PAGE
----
To evaluate darunavir and cobicistat pharmacokinetics during pregnancy compared with postpartum and in infant washout samples after delivery.
Nonrandomized, open-label, parallel-group, multicenter phase-IV prospective study of darunavir and cobicistat pharmacokinetics in pregnant women with HIV and their children in the United States.
Intensive steady-state 24-h pharmacokinetic profiles were performed after administration of 800 mg of darunavir and 150 mg of cobicistat orally in fixed dose combination once-daily during the second trimester, third trimester, and postpartum. Infant washout samples were collected after birth. Darunavir and cobicistat were measured in plasma by validated HPLC-UV and liquid chromatography with tandem mass spectrometry detection (LC-MS)/MS assays, respectively. A two-tailed Wilcoxon signed-rank test (α = 0.10) was employed for paired within-participant comparisons.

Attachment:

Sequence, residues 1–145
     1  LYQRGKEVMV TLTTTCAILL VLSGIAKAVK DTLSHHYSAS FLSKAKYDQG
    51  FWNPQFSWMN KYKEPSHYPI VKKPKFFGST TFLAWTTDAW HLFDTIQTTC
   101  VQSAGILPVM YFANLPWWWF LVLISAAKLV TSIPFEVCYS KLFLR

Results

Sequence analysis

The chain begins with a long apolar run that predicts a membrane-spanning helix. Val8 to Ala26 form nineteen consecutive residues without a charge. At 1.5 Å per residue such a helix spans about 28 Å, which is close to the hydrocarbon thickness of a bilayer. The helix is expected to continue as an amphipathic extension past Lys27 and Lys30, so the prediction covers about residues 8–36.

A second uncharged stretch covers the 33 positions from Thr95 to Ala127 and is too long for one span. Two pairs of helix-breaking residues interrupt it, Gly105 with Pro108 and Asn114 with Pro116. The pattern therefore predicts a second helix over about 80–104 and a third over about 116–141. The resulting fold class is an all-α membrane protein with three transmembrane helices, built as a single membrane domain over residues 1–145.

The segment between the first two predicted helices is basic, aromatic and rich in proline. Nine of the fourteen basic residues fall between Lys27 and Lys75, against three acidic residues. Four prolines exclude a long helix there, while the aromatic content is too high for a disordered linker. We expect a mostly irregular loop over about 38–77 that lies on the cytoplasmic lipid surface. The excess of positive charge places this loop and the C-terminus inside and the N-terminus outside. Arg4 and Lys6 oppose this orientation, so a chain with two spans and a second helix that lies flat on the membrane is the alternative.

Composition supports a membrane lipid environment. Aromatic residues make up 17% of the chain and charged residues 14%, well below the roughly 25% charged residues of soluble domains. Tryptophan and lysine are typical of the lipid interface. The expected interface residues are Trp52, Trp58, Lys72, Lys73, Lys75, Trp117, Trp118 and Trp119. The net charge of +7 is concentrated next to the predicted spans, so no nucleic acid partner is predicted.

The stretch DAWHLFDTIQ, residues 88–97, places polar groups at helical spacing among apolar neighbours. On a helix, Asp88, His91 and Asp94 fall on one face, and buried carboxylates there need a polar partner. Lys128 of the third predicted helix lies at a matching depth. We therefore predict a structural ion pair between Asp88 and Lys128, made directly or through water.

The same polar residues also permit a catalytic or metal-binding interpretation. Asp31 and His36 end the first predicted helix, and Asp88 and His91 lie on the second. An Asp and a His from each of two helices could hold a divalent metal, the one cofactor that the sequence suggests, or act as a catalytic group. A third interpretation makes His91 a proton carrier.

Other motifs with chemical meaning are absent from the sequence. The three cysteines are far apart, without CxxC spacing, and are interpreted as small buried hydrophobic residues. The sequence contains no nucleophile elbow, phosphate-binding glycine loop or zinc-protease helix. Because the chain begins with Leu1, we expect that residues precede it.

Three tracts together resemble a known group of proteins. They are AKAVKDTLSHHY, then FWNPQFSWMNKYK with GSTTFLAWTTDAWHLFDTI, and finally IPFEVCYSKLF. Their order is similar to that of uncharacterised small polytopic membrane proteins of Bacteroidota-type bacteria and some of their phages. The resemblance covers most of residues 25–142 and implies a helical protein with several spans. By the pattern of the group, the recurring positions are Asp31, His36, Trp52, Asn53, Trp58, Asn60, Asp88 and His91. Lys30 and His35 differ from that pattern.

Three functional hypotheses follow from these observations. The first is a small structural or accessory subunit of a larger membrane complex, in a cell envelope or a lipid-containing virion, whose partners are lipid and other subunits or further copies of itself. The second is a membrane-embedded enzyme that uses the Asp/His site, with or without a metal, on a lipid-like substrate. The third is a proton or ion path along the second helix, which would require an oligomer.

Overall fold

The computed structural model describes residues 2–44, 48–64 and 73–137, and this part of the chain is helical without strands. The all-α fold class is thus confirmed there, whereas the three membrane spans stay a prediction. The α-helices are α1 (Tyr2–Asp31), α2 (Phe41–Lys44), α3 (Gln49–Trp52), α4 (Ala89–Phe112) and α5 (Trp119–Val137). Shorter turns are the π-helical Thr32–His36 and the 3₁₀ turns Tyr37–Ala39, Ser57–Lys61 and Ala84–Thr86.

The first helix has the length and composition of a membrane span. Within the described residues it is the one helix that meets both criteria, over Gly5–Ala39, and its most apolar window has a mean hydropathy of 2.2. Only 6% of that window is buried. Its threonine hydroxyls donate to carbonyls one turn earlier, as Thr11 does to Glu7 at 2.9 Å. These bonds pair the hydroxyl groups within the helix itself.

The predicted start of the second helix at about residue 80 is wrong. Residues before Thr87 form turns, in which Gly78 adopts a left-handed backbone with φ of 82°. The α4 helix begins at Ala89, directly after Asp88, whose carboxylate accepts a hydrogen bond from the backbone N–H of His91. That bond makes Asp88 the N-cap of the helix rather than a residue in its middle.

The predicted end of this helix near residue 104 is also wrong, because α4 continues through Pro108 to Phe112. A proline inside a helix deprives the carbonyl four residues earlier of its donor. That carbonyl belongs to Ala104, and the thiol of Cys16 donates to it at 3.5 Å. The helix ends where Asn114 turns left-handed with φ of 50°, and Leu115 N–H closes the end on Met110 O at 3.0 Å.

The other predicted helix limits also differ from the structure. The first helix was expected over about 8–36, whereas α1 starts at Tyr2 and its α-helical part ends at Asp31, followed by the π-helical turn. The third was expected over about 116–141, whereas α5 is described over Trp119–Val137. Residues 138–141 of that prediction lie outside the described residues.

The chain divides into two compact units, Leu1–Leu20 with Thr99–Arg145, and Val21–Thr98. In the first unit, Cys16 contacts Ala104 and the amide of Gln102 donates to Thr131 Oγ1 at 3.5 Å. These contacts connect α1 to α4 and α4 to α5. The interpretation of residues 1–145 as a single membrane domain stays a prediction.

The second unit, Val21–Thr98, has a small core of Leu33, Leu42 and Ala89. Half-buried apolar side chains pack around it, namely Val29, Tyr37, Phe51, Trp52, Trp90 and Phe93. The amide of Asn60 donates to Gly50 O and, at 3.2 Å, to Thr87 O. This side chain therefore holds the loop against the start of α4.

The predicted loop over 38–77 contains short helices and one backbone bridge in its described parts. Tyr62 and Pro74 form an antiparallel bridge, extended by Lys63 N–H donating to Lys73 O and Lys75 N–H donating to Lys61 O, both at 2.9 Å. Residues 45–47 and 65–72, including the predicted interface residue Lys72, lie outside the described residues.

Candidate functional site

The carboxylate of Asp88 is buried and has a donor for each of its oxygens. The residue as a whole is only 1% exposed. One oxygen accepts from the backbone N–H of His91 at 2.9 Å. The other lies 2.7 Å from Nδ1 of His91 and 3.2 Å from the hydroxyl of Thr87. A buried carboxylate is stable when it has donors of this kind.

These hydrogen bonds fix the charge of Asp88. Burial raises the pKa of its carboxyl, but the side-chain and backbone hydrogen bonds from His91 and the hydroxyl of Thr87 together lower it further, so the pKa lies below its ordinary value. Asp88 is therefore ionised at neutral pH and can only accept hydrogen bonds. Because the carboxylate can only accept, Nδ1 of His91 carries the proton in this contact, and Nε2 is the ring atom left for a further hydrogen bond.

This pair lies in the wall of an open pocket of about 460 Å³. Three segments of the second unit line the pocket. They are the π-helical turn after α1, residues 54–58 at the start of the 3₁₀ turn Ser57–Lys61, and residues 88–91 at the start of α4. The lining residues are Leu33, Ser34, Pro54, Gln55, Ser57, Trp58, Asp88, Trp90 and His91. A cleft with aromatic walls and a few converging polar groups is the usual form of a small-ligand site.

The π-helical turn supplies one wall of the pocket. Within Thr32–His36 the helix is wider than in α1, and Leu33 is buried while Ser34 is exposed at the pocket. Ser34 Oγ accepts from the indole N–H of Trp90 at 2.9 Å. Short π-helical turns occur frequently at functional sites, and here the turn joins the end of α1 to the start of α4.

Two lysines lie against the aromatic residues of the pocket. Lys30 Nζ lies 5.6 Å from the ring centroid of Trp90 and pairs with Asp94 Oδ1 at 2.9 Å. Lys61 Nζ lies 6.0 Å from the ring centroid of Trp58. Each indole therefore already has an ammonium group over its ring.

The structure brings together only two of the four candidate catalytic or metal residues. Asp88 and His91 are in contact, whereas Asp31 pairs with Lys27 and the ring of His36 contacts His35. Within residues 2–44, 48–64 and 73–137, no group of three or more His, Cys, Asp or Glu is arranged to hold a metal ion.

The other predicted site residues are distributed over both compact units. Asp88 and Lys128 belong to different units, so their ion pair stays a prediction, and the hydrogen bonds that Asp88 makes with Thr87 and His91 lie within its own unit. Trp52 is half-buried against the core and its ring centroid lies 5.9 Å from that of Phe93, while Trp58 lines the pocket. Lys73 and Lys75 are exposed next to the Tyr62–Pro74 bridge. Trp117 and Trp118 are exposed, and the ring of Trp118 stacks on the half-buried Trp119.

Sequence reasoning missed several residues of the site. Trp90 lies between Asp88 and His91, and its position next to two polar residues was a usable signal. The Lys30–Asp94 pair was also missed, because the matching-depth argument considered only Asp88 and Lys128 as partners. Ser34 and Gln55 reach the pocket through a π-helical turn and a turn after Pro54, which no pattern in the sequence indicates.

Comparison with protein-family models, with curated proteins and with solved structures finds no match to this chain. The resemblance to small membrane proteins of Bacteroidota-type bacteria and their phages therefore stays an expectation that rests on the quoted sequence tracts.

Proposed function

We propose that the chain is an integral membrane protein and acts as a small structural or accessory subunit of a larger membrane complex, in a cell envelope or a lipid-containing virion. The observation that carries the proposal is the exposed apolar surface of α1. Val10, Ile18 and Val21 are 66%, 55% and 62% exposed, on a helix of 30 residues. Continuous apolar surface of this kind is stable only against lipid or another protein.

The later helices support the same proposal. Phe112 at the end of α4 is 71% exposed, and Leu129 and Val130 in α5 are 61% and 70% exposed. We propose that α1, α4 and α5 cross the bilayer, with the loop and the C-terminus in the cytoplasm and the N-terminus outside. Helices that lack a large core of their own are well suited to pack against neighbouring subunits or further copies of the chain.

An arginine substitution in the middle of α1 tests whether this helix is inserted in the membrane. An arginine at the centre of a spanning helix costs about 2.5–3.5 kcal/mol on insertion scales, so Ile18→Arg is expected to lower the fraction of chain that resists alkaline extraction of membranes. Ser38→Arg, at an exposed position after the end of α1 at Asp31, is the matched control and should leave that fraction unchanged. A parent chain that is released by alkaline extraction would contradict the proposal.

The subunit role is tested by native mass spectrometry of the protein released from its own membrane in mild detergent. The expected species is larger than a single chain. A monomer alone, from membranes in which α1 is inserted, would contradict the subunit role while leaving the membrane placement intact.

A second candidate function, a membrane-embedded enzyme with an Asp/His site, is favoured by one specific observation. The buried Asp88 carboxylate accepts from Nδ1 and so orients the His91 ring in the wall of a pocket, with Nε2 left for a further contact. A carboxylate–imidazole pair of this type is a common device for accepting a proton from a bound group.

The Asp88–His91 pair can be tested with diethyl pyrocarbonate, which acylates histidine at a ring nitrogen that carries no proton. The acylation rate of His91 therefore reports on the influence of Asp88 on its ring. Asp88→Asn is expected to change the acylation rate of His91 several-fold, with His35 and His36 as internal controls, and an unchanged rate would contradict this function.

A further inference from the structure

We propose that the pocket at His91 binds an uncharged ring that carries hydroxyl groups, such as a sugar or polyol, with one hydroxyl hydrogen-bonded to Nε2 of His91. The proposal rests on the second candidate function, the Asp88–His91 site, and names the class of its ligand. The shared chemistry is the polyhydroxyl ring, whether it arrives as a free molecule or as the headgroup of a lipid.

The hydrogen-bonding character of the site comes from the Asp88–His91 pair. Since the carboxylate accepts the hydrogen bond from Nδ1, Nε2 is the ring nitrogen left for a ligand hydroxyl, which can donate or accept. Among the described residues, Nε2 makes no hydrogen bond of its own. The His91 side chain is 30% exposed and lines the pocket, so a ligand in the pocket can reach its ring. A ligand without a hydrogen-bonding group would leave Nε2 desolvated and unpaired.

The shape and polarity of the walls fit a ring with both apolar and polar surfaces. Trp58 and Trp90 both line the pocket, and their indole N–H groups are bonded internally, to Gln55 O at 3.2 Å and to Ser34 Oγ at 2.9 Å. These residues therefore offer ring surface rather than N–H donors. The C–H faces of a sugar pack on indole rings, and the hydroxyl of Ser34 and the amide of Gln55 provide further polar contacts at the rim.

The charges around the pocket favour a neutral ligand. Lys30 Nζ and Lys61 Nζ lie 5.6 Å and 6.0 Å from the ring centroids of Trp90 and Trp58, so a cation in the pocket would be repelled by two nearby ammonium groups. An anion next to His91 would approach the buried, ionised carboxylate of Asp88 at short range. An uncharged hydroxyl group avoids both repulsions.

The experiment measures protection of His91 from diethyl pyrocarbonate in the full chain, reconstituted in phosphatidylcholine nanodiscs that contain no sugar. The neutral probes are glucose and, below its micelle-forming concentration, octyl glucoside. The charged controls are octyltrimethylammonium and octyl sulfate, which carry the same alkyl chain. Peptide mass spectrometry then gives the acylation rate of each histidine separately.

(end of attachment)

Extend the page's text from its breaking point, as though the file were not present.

A total of 29 pregnant women receiving darunavir and cobicistat once-daily enrolled in the study. Compared with paired postpartum data, darunavir AUC0--24 was 53% lower in the second trimester [n = 12, P = 0.0024, geometric mean of ratio (GMR)=0.47, 90% confidence interval (CI) 0.33 – 0.68] and 56% lower in the third trimester (n = 18, P < 0.0001, GMR = 0.44, 90% CI 0.36 – 0.54), whereas cobicistat AUC0--24 was 50% lower in the second trimester (n = 12, P = 0.0024, GMR = 0.50, 90% CI 0.36–0.69) and 56% lower in the third trimester (n = 18, P < 0.0001, GMR = 0.44, 90% CI 0.35–0.55). Placental transfer of darunavir and cobicistat was limited.
Standard darunavir/cobicistat dosing during pregnancy results in significantly lower exposure during pregnancy, which may increase the risk of virologic failure and perinatal transmission.